Redefining “Letting Go”

On January 5, 2021

The following practice of “letting go” has been a central product of my reflexive work and has led to much healing and personal and professional growth. Several shifts in perception had to take place in me for this to happen, the most important of which are as follows:

  • “Choosing to accept” is often considered synonymous with acceptance, and while it may be effective in the short term, it can never be complete.
  • Letting go is not something we do. It happens all on its own.
  • Letting go can only happen as we  learn to welcome the painful feelings and memories from which we’ve previously separated ourselves.

Feelings are Temporary

Learning to welcome the separation we feel can become real for us if we’re first open to seeing the temporariness of both our positive and negative experiences. Although some feelings may last a long time, or return often, none of them are permanent. Periods of sadness and despair can be consuming – moments of clarity or joy may be easily forgotten in their midst – but are never fully beyond someone’s ability to overcome and feel okay, even happy, again.

This next point may be a bit more challenging. We need to ask ourselves how much control we really have over choosing our positive and negative experiences. When we were able to use our power to get what we needed, what were the consequences of getting our way?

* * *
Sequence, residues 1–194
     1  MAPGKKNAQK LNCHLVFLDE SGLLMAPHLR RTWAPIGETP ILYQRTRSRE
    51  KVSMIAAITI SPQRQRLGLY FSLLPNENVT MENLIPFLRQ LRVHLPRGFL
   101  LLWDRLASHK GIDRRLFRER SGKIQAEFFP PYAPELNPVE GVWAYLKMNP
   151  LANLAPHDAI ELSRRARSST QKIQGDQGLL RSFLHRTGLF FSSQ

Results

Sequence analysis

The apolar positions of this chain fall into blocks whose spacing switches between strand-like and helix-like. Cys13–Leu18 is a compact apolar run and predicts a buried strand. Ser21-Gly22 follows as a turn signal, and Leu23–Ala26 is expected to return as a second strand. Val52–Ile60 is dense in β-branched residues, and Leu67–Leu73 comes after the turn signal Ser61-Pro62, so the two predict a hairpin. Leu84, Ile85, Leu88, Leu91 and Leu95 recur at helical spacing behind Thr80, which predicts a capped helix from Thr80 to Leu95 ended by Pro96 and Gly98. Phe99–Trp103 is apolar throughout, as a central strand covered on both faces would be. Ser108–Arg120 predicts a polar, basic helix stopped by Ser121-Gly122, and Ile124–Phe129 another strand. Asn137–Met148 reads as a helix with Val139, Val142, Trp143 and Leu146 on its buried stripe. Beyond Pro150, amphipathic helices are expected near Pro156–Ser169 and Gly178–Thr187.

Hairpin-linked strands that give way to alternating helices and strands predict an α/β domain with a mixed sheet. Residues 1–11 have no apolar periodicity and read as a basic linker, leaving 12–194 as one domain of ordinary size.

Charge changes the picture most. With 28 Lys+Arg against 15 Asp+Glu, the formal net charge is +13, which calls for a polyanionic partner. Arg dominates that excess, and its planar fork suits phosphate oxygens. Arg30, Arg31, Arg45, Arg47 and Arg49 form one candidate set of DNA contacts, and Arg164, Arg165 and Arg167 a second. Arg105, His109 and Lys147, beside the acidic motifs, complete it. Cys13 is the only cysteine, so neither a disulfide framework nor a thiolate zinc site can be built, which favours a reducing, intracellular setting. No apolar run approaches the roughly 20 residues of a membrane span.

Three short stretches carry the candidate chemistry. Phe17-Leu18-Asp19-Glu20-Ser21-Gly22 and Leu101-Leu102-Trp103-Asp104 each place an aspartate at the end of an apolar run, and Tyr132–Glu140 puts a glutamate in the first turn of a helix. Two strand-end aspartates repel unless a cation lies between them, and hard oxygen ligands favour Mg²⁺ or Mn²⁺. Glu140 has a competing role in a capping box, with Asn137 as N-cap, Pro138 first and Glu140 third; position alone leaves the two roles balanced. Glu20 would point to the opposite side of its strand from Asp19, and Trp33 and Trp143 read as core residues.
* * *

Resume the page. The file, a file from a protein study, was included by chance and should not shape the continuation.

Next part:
In my experience the amount of control we have over the relationships that make up our lives  is almost none. Although we can make deals and trades, use power to effect change and justify our actions, there is a fallout in the long run and an eventually undeniable loss to our happiness and sense of  security.

Letting Go Can Lead to Conflict Resolution

As I described in my post about reconnecting with my father,  the fear of facing my pain perpetuated the suffering I experience of suffering throughout my adult life. To fully understand and release ourselves from the pain of the past one needs only to start by dropping their attention in their body. By getting familiar with how it feels and bearing with the rush of energy or emotion, we learn to have less resistance to the beliefs and memories that drive our urges to fight with those we love.

Recognizing impermanence and releasing control can make us softer, and can also, in time, lead to a generosity of spirit and tenderness in the presence of adversity, which is essential to a good life.

Rooting our beliefs in impermanence is no easy task when we’re dealing with a family separation. There is hope for lasting change and renewed purpose for those willing to find a new way forward during the months after the mediated separation discussions are complete.

These and other insights I have shared in my other posts on Acknowledgement, Empathy or Powerlessness have taken me several years to put into practice, and this commitment has fundamentally shifted my views on myself, others, and the world.

To be less affected by conflict in the future, accepting its inevitability and viewing it as a teachable moment is essential for developing your own insight. Every time a memory surfaces, there is an opportunity to feel and find out what the full meaning our emotions have to offer us. This work will release the knots we have inside us as long as we stay curious about why these feelings keep returning, and as long as we believe that we can bear the experience.

Instead of running away from fear, we can step straight into it and allow it to pass through and inform us. Are you ready to let go of your fear of painful feelings and memories?

I have helped couples and individuals just like you throughout the various stages of separation. Contact me now for more information.

Richard Brydson

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